Utah Child Advocate, Economist Respond To ‘American Families Plan’
SALT LAKE CITY, Utah – In his first address to a joint session of congress, President Joe Biden outlined his American Families Plan, a $1.8 trillion proposal that aims to tackle child poverty, expand access to child care and education, and offer what the White House has described as long-term solutions to challenges America’s families face.
For Matthew Weinstein with Voices for Utah Children, the most important solution the plan provides is extending the already increased child tax credits. The American Rescue Plan increased the credits to $250 a month for children 6 to 17 years old and $300 per child for kids 5 and younger.
“It’s expected to cut the child poverty rate this year about in half, which is tremendous,” Weinstein said. “It’s really the biggest thing the federal government has done about child poverty in as long as anyone can remember.”
Weinstein, who is a fiscal policy director, said the latest data from 2019 shows Utah is doing better than most states when it comes to child poverty. He said the national poverty rate then was about 17% compared to “only 10%” in Utah.
“When you say only 10% though you have to keep in mind, you’re talking about almost 100,000 children living below the poverty line,” he said. “That’s a lot of kids who are at risk of not graduating high school. Not getting the education they need. Maybe even getting in trouble with the law.”
He noted disparities that exist in the state for child poverty and education and said the White House plan could help close some of the existing gaps in education, expanding access and increasing affordability from childcare and pre-kindergarten through higher education.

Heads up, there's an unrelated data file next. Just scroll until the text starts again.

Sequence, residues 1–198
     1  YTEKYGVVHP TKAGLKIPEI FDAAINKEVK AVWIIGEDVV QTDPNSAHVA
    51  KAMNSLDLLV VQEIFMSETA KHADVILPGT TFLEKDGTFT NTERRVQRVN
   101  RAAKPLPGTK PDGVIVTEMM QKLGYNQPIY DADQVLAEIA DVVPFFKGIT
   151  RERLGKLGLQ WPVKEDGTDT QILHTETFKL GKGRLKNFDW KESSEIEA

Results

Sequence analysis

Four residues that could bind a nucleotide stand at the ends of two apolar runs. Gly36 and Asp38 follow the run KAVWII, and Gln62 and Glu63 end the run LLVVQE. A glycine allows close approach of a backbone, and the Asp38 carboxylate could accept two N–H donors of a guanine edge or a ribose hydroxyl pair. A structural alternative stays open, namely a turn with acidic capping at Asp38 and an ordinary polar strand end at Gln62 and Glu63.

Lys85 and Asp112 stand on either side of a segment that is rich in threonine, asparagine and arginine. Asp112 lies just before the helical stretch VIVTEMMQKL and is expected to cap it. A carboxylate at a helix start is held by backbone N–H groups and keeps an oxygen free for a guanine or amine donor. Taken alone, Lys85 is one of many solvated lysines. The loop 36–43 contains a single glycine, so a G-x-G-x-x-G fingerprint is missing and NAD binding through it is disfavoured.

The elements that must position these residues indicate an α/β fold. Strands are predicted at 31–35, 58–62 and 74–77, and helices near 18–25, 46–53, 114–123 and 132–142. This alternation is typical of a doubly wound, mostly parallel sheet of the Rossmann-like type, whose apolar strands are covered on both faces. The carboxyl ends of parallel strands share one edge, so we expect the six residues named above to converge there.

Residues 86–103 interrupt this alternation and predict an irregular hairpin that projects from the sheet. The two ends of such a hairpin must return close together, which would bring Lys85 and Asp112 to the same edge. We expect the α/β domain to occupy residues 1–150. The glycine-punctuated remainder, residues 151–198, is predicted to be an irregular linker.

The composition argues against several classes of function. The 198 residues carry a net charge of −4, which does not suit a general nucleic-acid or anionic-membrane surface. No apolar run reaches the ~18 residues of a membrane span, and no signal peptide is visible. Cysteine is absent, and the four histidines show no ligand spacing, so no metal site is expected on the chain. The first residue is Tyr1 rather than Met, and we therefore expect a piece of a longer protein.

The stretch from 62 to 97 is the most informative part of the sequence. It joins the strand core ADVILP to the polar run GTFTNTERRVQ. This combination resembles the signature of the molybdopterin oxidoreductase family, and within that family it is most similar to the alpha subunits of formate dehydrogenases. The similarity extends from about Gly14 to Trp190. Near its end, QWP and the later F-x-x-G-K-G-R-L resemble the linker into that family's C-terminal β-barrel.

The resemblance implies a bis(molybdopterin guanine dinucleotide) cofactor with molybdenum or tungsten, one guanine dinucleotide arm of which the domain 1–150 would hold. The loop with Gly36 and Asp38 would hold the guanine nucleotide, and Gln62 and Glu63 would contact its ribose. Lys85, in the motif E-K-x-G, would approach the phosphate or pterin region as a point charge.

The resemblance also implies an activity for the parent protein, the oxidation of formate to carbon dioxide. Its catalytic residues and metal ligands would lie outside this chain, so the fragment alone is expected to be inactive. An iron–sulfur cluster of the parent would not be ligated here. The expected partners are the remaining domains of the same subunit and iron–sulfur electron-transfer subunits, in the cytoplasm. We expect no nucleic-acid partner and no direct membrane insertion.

“That’s where the federal help would really make a lot of sense to make it possible for more of our kids to go to college without having to worry about going into debt. Without having to worry about not being able to afford it,” he said.
The White House described the American Families Plan as “an investment in our children and our families—helping families cover the basic expenses that so many struggle with now, lowering health insurance premiums, and continuing the American Rescue Plan’s historic reductions in child poverty.”
But some wonder, at what cost?
“I’m an economist so that’s kind of my starting point is I’m comparing benefits and costs and there are benefits to this and there are costs to this,” said Phil Dean, a public finance senior research fellow at the Kem C. Gardner Institute at the University of Utah.
Dean can’t help but look at the plan’s $1.8 trillion price tag and what the cost might be for certain programs beyond the dollar amount. President Biden has proposed a tax hike on the top one percent of American earners.
“What are the strings attached when the federal government is paying for something?” Dean asked. “How much of the higher education policy is going to be dictated by federal government along with those federal dollars that would come, versus how much are we going to control here?”
Another challenge Utah and the rest of the country is facing is historically low birth rates. An issue that could have long-term impacts on the economy.
“It may surprise people but we’re actually below replacement level here in Utah,” he said. “Jobs in the economy. Consumption in the economy. All these things are tied closely to the number of people in the economy.”
He isn’t convinced government programs are the answer.
“I do think it is an open question of how much any particular government program would change that,” he said. “If you look at Europe that has extensive social programs you also see an even lower fertility rate there than what we have here in the U.S.”
Weinstein says Utah has “the lowest percentage in the country of children growing up in single-parent families,” which puts it in a better position than most. But he says there are still real issues facing Utah’s families and gaps between groups of people that need to be filled. And he sees the American Families Plan as a way to help us get there.
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